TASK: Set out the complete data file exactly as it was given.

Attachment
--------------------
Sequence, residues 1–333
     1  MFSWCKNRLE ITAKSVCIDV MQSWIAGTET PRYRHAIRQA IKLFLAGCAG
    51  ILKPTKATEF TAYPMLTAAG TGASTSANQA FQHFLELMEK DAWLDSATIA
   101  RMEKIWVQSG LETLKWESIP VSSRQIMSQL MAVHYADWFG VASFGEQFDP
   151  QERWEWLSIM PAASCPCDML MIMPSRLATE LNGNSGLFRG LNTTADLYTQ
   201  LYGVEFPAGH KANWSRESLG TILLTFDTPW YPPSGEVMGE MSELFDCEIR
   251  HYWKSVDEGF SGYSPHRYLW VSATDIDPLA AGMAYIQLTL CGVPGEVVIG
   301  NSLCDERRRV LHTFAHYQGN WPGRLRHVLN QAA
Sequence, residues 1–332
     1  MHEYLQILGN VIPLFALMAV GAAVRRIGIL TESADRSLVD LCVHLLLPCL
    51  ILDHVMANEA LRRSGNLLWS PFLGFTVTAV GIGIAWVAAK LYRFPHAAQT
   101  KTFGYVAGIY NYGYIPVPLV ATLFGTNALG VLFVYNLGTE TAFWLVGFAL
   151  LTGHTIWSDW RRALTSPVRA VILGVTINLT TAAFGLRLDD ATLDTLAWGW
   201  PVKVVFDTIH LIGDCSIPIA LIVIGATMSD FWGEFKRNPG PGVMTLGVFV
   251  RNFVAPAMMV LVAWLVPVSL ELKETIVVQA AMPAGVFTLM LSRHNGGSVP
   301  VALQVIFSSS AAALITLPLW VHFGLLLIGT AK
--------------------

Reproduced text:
Sequence, residues 1–333
     1  MFSWCKNRLE ITAKSVCIDV MQSWIAGTET PRYRHAIRQA IKLFLAGCAG
    51  ILKPTKATEF TAYPMLTAAG TGASTSANQA FQHFLELMEK DAWLDSATIA
   101  RMEKIWVQSG LETLKWESIP VSSRQIMSQL MAVHYADWFG VASFGEQFDP
   151  QERWEWLSIM PAASCPCDML MIMPSRLATE LNGNSGLFRG LNTTADLYTQ
   201  LYGVEFPAGH KANWSRESLG TILLTFDTPW YPPSGEVMGE MSELFDCEIR
   251  HYWKSVDEGF SGYSPHRYLW VSATDIDPLA AGMAYIQLTL CGVPGEVVIG
   301  NSLCDERRRV LHTFAHYQGN WPGRLRHVLN QAA
Sequence, residues 1–332
     1  MHEYLQILGN VIPLFALMAV GAAVRRIGIL TESADRSLVD LCVHLLLPCL
    51  ILDHVMANEA LRRSGNLLWS PFLGFTVTAV GIGIAWVAAK LYRFPHAAQT
   101  KTFGYVAGIY NYGYIPVPLV ATLFGTNALG VLFVYNLGTE TAFWLVGFAL
   151  LTGHTIWSDW RRALTSPVRA VILGVTINLT TAAFGLRLDD ATLDTLAWGW
   201  PVKVVFDTIH LIGDCSIPIA LIVIGATMSD FWGEFKRNPG PGVMTLGVFV
   251  RNFVAPAMMV LVAWLVPVSL ELKETIVVQA AMPAGVFTLM LSRHNGGSVP
   301  VALQVIFSSS AAALITLPLW VHFGLLLIGT AK